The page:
Becoming More Like Our Name

It was my brother Dave Gray who first told me about longleaf pines. When I told him Amanda and I had our eye on a parcel of land just SW of Tallassee, his first question was “does it have longleafs?”

 


We didn’t know a longleaf pine from a tractor tire in 2007, but we sure know about them now. As you probably already know by now, longleaf pines were ubiquitous in the southeast US before the white man arrived but have declined significantly since then. They are resistant to fire, so the natural fires that were common in the southern forests suppressed their competition and helped them to thrive.

Dave Gray’s hunch was right, by the way; even after the loggers who plundered it under the previous owner had their way with our farm, we still have several hundred longleaf pines at various stages of maturity, from grass stage through to a couple that are 60 ft. tall or so. We do everything we can to encourage longleafs, even sometimes at the expense of the stately oaks and hickories that are also common in our forest.

Our friend Larry Davenport, a biology professor at Samford, says longleaf pines are likely to thrive in southern forests even after we feel more pervasive effects from catastrophic climate change. Contrast that with our oaks, hickories, and beloved American beech trees, which may not adapt well to the hotter, dryer climate and increase in carbon dioxide and may begin to die en masse. Larry says one of the steps landowners can take to prepare for the difficult days ahead is to plant more longleaf pines, so we have set about doing that.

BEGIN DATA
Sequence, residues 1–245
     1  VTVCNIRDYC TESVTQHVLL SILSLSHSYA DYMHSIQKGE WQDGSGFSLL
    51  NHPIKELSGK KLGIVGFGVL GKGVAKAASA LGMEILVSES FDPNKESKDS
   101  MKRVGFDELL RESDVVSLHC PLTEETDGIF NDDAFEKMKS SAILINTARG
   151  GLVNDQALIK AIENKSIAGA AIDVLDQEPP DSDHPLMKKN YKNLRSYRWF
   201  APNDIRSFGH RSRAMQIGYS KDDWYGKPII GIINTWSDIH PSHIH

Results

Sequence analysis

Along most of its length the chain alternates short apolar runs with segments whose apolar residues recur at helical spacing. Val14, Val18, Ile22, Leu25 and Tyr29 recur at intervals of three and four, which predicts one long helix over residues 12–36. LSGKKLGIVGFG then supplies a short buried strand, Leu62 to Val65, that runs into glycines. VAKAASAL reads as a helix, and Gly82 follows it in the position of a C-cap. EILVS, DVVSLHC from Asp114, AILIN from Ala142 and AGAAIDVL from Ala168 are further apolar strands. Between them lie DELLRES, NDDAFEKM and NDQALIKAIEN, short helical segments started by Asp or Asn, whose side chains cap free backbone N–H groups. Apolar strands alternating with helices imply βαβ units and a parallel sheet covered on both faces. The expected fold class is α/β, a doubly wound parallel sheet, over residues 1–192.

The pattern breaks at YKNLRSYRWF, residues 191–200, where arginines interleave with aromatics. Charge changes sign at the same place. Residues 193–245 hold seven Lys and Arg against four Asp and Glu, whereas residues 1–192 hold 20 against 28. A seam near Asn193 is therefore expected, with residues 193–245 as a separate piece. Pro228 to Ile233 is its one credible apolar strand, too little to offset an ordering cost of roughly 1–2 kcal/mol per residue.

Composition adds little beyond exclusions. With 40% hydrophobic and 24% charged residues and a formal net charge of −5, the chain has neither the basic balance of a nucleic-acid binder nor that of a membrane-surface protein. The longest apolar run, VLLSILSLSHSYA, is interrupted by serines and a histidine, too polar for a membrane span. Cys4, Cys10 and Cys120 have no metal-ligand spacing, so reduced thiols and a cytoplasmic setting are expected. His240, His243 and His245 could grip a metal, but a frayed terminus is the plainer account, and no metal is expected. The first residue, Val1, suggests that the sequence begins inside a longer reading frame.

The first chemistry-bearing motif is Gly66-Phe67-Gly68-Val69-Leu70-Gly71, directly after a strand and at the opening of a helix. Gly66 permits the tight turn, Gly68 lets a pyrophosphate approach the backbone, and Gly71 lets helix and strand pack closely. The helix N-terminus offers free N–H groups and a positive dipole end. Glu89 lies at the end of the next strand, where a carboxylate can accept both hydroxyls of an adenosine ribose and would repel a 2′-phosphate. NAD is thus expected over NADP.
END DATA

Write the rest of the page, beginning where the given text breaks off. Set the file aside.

So far we have planted about 300 longleafs every year at about this time. We have it down to a system, using a heavy steel rod with a handle at one end and a thick sloping blade on the other, called a “dibble.” This one is at least similar to the one we bought.

So far as we know, the dibble has one function and one function alone, but it performs that function simply and quickly. Amanda chooses a spot for the next longleaf pine and points to it. I man the dibble (note the masculine verb, befitting the forceful role I get to play in this little drama). I lift the dibble up and bring it down as hard as possible, then use my foot and upper body to finish digging a long wedge-shaped hole. Amanda inserts a longleaf seedling from her trusty canvas bag. I make another hole close by and use it to close up the space around the seedling. While I’m closing, she’s choosing the next spot.

When the process is working well (and it usually does), we can plant a tree in about 10 seconds. The video takes longer, but not much.

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